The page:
5:00 - 5:20 pmSaturday, September 6
LK 120
A proposed e-health model based on the experiences of chronically ill adults using electronic personal health records
LK 120
A proposed e-health model based on the experiences of chronically ill adults using electronic personal health records
Assistant Professor of Nursing, Idaho State University
Background Chronic illnesses are costly to older adults and society. One tool that has been promoted to facilitate self-management support of chronic illness by policy makers, health advocates, providers,... Read more

Description

Background

Chronic illnesses are costly to older adults and society. One tool that has been promoted to facilitate self-management support of chronic illness by policy makers, health advocates, providers, and consumers is the electronic personal health record or patient portal (PHR). Federal incentives are in place to mandate that providers and health care organizations to offer PHR’s to patients and caregivers. However, little is known how consumers actually use these systems for self-management support and productive patient-provider interactions.

Objectives

The aim of this study is to investigate why and how experienced adult healthcare consumers with chronic illness use PHR’s for self-management support and productive patient-provider interactions as defined by the Chronic Care Model (CCM). Findings of this study informed the authors in the development of an adapted version of the CCM highlighting the influence of eHealth support for the model.

Methods

This qualitative descriptive study following a grounded theory approach used a homogeneous group of chronically ill adults who were identified by their providers as skilled and experienced PHR users. Eighteen purposively selected research participants ages 50-65 were interviewed in two Northern California communities.

Results

The 18 participants included English-speaking adults with a mean age of 60 and included 7 females and 11 males who have an average of 3.0 chronic illnesses.  The majority of the participants were working adults who had a minimum education level of a bachelor’s degree.  All participants were identified by providers as those having a tethered PHR/patient portal through their primary healthcare provider and reported a mean of 19.8 PHR use episodes per year. The participants had a mean of 2.9 years of experience with the system and reported that averages of 2.5 of their providers were using PHR’s and 2.5 of their providers were not. There were four major thematic categories that describe the perceptions of the chronically ill using PHR’s identified through an analysis of the transcripts: (a) patient-based factors (b) system-based factors (c) interaction factors and (d) training opportunities. The participants were very positive about using PHR’s for self-management support, preparation for appointments and communication with the health care team. Participants did raise concerns about provider messaging confusion, inadequate system design, PHR navigation concerns and the desire for greater access to the comprehensive electronic health record.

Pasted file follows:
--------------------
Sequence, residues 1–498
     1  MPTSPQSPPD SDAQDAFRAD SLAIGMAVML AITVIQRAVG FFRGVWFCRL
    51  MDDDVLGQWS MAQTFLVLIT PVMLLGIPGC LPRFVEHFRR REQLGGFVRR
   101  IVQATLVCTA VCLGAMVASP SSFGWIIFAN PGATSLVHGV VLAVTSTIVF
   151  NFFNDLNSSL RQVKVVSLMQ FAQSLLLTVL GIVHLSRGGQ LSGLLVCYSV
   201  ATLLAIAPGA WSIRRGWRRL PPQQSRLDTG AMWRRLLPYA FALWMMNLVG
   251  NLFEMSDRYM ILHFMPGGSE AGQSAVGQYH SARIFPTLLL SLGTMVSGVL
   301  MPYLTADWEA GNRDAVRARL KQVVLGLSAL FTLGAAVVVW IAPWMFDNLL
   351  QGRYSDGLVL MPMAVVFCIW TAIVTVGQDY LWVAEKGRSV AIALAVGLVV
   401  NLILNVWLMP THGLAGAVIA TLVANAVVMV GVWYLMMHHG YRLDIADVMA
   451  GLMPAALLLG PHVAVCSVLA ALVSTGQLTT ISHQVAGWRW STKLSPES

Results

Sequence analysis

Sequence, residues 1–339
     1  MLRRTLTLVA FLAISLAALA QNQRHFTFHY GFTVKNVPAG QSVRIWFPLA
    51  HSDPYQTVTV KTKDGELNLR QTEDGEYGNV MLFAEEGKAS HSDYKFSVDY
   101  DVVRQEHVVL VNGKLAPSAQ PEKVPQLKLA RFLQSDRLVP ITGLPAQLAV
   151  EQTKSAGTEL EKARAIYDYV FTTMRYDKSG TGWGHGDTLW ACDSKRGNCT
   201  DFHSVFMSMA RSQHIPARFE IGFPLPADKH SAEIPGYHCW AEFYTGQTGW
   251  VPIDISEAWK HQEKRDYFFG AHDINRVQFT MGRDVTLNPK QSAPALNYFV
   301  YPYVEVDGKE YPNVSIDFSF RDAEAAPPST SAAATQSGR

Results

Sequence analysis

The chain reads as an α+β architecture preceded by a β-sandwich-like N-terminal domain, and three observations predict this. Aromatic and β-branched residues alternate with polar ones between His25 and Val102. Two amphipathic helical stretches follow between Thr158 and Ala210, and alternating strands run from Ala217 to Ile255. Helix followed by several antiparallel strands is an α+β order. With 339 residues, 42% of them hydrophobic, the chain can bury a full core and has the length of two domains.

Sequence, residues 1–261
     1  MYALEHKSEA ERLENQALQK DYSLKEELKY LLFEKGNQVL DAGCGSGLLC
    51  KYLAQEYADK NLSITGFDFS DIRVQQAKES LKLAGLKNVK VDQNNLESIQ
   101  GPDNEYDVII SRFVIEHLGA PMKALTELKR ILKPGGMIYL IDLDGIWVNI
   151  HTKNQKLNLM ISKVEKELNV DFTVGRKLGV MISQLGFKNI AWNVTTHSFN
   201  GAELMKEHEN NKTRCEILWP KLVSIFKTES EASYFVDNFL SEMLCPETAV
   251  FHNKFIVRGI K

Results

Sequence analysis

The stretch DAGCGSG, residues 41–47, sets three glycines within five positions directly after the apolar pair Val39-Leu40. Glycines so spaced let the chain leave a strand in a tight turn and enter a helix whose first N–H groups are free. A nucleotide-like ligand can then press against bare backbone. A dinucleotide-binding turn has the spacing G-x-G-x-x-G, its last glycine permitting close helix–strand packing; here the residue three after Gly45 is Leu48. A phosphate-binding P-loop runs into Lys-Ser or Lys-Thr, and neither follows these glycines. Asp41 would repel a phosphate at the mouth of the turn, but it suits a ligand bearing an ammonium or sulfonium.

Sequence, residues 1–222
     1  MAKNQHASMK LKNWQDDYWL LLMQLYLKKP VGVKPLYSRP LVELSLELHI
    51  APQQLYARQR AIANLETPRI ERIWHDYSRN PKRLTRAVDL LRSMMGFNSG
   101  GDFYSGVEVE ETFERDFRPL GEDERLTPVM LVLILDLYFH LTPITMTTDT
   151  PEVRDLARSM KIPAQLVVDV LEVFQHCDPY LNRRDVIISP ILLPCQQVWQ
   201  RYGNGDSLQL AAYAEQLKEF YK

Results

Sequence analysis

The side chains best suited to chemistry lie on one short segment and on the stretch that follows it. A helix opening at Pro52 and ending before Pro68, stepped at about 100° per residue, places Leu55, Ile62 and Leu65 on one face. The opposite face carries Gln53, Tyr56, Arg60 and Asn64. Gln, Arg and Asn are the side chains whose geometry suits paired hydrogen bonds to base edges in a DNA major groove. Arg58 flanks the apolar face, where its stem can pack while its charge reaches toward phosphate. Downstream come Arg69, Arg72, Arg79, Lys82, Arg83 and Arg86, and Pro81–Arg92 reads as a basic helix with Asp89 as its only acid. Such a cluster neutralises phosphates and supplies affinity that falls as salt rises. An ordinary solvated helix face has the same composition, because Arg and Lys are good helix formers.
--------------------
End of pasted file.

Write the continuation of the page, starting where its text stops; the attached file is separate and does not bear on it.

Implications

Based on the study findings the authors identified factors to propose an adapted version of the CCM that includes eHealth facilitators for self-management support and patient-provider interaction.  Knowledge gained from the experienced PHR users suggest that improvements to the PHR and providing PHR use education to patients and the provider team will increase the utility of the system among the experienced users and encourage new users to embrace adoption and use.

Perry Gee has been a registered nurse for 30 years obtaining bachelor of science nursing from Montana State University and his Master of Science in physiologic nursing and clinical informatics from the University of Utah and his PhD in Nursing Science and Health-care Leadership with an emphasis in consumer health informatics from the Betty Irene Moore School of Nursing at the University of California, Davis. Perry has a medical surgical, critical care, flight and home care nursing clinical background as well as 15 years’ experience as a clinical informatics specialist and educator. Perry currently teaches in the Health Informatics Certificate program at UC Davis and is a full-time nursing faculty member in the undergraduate and graduate nursing programs at Idaho State University. His current research interests are in the area of consumer health informatics, e-Patients, eHealth, geriatrics and chronic illness self-management.

Contact Us

We're not around right now. But you can send us an email and we'll get back to you, asap.

Not readable? Change text. captcha txt

Start typing and press Enter to search